10 David Guetta feat. Sam Martin Dangerous Down 2 8 6 6
11 Selena Gomez The Heart Want What It Wants Up 5 16 16 3
12 Mark Ronson feat. Bruno Mars Uptown Funk Down 3 9 1 (6) 16
13 Mi Casa Your Body Down 3 10 3 18
14 Ed Sheeran Don’t Down 2 12 8 10
15 One Direction Steal My Girl NC 15 15 2
16 Sam Smith Like I Can Up 10 26 16 3 Joint Highest Climber
17 Muzart Oh Yeah NC 17 7 10
18 Chris Brown Time For Love NC 18 2 18
19 Jessie J, Nicki Minaj & Ariana Grande Bang Bang Up 10 29 13 10 Joint Highest Climber
20 Beatenberg Beauty Like A Tightened Bow (Chris Sen Remix) Down 1 19 19 3
21 Ed Sheeran Runaway Up 9 30 21 2
22 Duke Dumont feat. Jax Jones I Got U Down 2 20 13 13
23 Pitbull feat. Ne-Yo Time Of Our Lives Down 2 21 5 14
24 Clean Bandit feat. Jess Glynne Real Love Down 10 14 6 14
25 Sia You’re Never Fully Dressed Without A Smile Up 9 34 25 2
26 Giorgio Moroder feat. Kylie Minogue Right Here, Right Now Up 9 35 26 3
27 Taylor Swift Shake It Off Down 5 22 10 12
28 Boyz II Men Losing Sleep Up 3 31 28 3
29 Rihanna, Kanye West & Paul McCartney FourFiveSeconds New - 29 1
30 James Newton Howard feat. Jennifer Lawrence The Hanging Tree Down 6 24 24 3
31 Ariana Grande & The Weeknd Love Me Harder Down 6 25 25 3
32 Ella Henderson Rockets Down 5 27 2 19 Joint Longest Running Song
33 Nick Jonas Jealous Up 3 36 25 3
34 Sam Smith Restart Down 6 28 7 16
35 The Weeknd Earned It New - 35 1
36 Meghan Trainor Lips Are Movin’ Down 13 23 3 19 Joint Longest Running Song & Biggest Faller
37 Olly Murs feat. Travie McCoy Wrapped Up Down 5 32 14 15
38 Gracetown Band Kristan Wood Down 5 33 20 7
39 Chris Brown Add Me In Down 2 37 19 14
40 Tellaman feat. OK Malum Koolkat Drinks And Music Down 2 38 18 8

Cape Town becomes new SA home of World Sevens Series for next 4 years

The South African Rugby Union (SARU) announced on Friday that the SA leg of the World Rugby Sevens Series would be moving to Cape Town for four years from December.

The Cape Town Sevens will join a host of new and iconic venues on the Series circuit – which has already added Sydney and Vancouver to its schedule – with the full line-up of host cities and dates to be confirmed by World Rugby (formerly the IRB) in due course.

The Cape Town Sevens will be played at the Cape Town Stadium following an agreement between SARU and the City Council. The Western Province Rugby Union was kept informed of the discussions by SARU and has pledged their support.

“World Rugby wanted global iconic destinations to showcase the new Olympic sport of Rugby Sevens and a world-class stadium, in a world-class city in the shadow of a World Heritage site in Table Mountain provides exactly that,” said Jurie Roux, CEO of SARU.

SARU CEO Jurie Roux and City of Cape Town Executive Mayor Patricia de Lille Pic: Ashley Vlotman

“We enjoyed our stay in George and more recently in Port Elizabeth where we were able to grow the event with the help of the Municipality and the support of the Eastern Province Rugby Union and Eastern Cape fans and we thank them for that. But as the World Sevens Series has grown – and with it the requirements and the expectations – so we needed to go to the next level and Cape Town allows us to do that.

“Cape Town is sports-mad and their crowds frequently top the attendance charts in SA and it is a rugby city. The Fan Walk to the stadium and the proximity of entertainment areas such as the V&A Waterfront are an added bonus and will capture and amplify the unique vibe of Sevens Rugby. It also has the added advantage from World Rugby’s perspective of numerous direct international flights and significant hotel capacity, which will ease some of the logistical issues.”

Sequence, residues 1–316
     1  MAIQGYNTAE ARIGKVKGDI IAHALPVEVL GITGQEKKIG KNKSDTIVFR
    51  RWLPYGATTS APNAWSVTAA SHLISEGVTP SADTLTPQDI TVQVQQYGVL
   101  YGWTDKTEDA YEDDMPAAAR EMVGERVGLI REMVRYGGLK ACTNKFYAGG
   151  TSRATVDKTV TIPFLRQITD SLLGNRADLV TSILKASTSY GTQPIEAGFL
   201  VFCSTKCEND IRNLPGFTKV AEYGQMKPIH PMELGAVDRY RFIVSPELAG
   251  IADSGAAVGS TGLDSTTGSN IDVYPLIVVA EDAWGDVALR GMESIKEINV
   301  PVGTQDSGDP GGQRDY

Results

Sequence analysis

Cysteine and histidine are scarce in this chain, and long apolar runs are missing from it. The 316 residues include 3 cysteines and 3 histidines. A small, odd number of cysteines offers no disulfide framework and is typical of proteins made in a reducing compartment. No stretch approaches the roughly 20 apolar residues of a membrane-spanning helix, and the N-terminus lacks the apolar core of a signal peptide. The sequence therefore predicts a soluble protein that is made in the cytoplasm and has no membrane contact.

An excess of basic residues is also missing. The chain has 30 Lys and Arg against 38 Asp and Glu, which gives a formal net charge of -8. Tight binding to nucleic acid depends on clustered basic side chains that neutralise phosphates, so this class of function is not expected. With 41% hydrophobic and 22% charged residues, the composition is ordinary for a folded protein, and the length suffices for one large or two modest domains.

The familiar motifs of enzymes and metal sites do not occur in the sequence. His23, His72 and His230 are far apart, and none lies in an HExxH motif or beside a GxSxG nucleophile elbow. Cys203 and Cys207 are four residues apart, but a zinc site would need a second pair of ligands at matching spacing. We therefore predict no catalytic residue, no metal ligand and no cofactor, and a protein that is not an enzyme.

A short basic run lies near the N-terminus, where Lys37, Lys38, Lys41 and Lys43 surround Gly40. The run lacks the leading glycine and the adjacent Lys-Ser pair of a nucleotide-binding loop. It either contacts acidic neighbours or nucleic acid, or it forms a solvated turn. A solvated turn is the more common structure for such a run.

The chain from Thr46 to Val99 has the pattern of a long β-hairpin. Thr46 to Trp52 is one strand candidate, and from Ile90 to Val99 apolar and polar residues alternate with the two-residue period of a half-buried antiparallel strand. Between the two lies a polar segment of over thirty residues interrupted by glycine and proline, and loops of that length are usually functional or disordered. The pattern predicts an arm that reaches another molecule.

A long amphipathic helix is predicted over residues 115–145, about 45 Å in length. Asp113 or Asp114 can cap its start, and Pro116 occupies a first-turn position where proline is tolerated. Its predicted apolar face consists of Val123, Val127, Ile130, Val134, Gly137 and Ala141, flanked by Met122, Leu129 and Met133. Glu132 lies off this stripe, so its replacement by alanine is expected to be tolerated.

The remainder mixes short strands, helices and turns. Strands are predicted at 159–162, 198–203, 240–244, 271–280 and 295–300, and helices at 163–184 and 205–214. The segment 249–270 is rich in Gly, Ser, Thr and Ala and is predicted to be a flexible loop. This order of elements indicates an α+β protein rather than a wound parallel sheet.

World Rugby Chairman Bernard Lapasset said: “With excitement increasing ahead of Rio 2016, the World Rugby Sevens Series is going from strength to strength, proving a hit with fans, broadcasters and sponsors around the globe with its winning blend of compelling and competitive action, global destinations and festival atmosphere.

“The South Africa Sevens has been at the heart of the success story and we are delighted to be extending our partnership with SARU as a Series host. We have enjoyed 13 successful years at Port Elizabeth (four) and George (nine) and the move to Cape Town reflects the ever-increasing interest and success of Sevens in South Africa.

“Cape Town is one of the world’s iconic cities – a major tourism and sporting destination that has proven to be an exceptional and warm host. Its inclusion within a stellar World Rugby Sevens Series schedule is exciting for fans around the world.

“I am confident that the South Africa Sevens in Cape Town will inspire new audiences and participants and contribute to the continued strong growth of rugby in South Africa and around the world.

“The confirmation of Cape Town as World Rugby’s preferred destination was completed following SARU’s entering into an arrangement with the City of Cape Town over the use of the Cape Town Stadium as the home of SA Sevens,” said Lapasset.

“We are very excited that, as from December, Cape Town will be hosting the South African leg of the World Sevens Series for the next four years. Sporting events play a major role in our vision of becoming the events capital of Africa,” said the Executive Mayor of Cape Town, Patricia de Lille.

“We are therefore especially honoured to be the new hosts of this event, and I would like to thank the South African Rugby Union (SARU) and World Rugby for giving us this opportunity.”

The Executive Mayor added: “The Cape Town Stadium has become a beacon of inclusivity within our city, and it is only fitting that this iconic venue play host to an event that unites people from across the world through their love of sport. Now, people will be coming to the Cape Town Stadium to share in their love for rugby as well.”

The Blitzboks and 15 other international teams will contest the SA tournament, whose title has been won by South Africa in the past two seasons.

December’s tournament in Port Elizabeth attracted a crowd of 63 000 over the two days of competition with that figure expected to be topped at the 55 000-capacity Cape Town stadium.